I love every part of it! As we are a small team, we do it all, from organising the workshops to running them, teaching people, cleaning the beaches, and then doing all the communication around it. But I have to admit the best part of it all is when our participants come back for more. More than rewarding, it is humbling. I hope we can grow into a well-known Foundation and change people’s lives for the better in many countries. I hope the Foundation is successful because I really can’t think of anything else I’d rather do on a daily basis!
12. Where can we find you?
On our website,, Facebook group:, Twitter!/global_kiter
By email: [email protected]
13. What events are you planning for this summer?
We are planning a few events this summer, starting with a 6-day workshop for people with physical disabilities (23-28th of June) in Marathonas, Greece. We are flying over Christophe Martin from France, who is the pioneer in developing a special seat that allows PWD to be able to ride in the water. Together, we will demo and teach PWD how to ride on a catakite, the first step before becoming an independent kiter. We are very pleased to also welcome Jenny, from Ireland, who started kiting a few months ago. We will coach her to start her first rides on the water too. We are also planning a huge Fundraising Endurance Race in Paros from the 5th to the 7th of August- riders from all over the world will take part in this very exciting challenge! We will be running workshops throughout the summer, including one exclusively for women with disabilities- supported by women volunteers. There are lots on, you can check out our Calendar of Events on the website.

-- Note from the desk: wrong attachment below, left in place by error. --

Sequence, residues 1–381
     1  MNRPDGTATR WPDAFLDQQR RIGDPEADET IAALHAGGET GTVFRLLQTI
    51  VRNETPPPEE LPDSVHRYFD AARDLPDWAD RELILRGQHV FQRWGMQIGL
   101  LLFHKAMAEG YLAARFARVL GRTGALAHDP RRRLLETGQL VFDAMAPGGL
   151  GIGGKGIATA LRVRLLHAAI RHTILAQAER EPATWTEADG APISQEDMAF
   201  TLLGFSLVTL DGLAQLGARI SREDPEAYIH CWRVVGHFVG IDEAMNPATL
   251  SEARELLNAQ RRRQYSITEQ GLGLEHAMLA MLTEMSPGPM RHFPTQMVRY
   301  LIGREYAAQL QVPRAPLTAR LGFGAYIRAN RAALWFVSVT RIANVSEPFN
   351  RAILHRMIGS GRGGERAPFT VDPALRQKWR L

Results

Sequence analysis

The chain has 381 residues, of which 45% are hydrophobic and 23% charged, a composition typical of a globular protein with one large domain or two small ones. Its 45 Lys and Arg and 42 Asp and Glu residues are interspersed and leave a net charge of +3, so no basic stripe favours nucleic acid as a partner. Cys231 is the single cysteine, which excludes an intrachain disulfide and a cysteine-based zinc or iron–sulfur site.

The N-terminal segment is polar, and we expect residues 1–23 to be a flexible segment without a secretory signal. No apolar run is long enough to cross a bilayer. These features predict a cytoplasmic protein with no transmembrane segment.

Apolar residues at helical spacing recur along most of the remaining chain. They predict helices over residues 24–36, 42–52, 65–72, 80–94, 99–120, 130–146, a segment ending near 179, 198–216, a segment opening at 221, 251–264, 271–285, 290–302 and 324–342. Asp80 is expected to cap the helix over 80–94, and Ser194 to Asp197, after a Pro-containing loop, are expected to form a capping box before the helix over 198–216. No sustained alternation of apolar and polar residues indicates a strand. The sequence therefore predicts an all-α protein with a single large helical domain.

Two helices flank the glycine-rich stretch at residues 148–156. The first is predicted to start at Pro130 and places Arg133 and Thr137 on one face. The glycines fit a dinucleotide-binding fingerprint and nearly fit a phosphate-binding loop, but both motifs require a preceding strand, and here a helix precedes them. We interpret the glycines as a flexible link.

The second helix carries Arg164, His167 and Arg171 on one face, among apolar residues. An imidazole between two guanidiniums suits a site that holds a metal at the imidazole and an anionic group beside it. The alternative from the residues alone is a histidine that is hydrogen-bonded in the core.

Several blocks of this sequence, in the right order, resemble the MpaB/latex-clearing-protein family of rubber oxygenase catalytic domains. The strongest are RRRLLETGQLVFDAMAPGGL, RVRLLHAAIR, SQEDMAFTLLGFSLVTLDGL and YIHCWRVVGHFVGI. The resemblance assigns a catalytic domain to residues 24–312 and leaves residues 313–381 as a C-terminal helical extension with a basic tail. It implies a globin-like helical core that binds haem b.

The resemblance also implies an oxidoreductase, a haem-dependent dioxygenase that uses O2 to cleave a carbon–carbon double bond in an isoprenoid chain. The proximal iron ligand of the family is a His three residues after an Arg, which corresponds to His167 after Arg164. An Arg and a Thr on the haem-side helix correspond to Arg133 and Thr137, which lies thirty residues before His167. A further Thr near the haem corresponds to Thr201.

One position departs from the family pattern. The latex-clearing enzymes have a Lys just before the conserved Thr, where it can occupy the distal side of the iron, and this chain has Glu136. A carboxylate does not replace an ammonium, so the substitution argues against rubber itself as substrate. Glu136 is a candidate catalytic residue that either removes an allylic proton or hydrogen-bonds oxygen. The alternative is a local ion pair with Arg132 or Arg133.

14. Have you any plans for the future? Will you expand the scheme? Perhaps an international expansion is on the cards?
We are hoping to expand and bring our programs to as many countries as possible. We are in contact with people in Italy, Spain, Portugal, Belgium and the US, so we hope to start there very soon. We need to take it one step at a time though- we are restricted because of budgets at the moment. We are looking for sponsors who would be happy to help out, so if any come to mind, please pass on the details!
We would like to say a big thanks to Sandrine Werner for taking some time out of action to talk to us! You can find more information about GKF and upcoming events on their website